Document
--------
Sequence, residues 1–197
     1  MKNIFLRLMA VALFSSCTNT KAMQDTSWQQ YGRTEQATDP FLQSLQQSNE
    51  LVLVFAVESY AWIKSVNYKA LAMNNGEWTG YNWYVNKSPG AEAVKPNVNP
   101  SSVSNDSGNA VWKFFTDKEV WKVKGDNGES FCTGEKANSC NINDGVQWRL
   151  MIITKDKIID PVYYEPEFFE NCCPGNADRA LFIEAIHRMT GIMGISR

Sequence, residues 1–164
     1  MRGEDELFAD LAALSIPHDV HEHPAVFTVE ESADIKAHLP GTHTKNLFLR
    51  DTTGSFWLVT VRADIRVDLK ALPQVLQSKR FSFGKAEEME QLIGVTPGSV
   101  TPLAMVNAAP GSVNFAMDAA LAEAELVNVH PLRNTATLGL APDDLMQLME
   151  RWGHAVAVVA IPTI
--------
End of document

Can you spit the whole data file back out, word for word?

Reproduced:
Sequence, residues 1–197
     1  MKNIFLRLMA VALFSSCTNT KAMQDTSWQQ YGRTEQATDP FLQSLQQSNE
    51  LVLVFAVESY AWIKSVNYKA LAMNNGEWTG YNWYVNKSPG AEAVKPNVNP
   101  SSVSNDSGNA VWKFFTDKEV WKVKGDNGES FCTGEKANSC NINDGVQWRL
   151  MIITKDKIID PVYYEPEFFE NCCPGNADRA LFIEAIHRMT GIMGISR

Sequence, residues 1–164
     1  MRGEDELFAD LAALSIPHDV HEHPAVFTVE ESADIKAHLP GTHTKNLFLR
    51  DTTGSFWLVT VRADIRVDLK ALPQVLQSKR FSFGKAEEME QLIGVTPGSV
   101  TPLAMVNAAP GSVNFAMDAA LAEAELVNVH PLRNTATLGL APDDLMQLME
   151  RWGHAVAVVA IPTI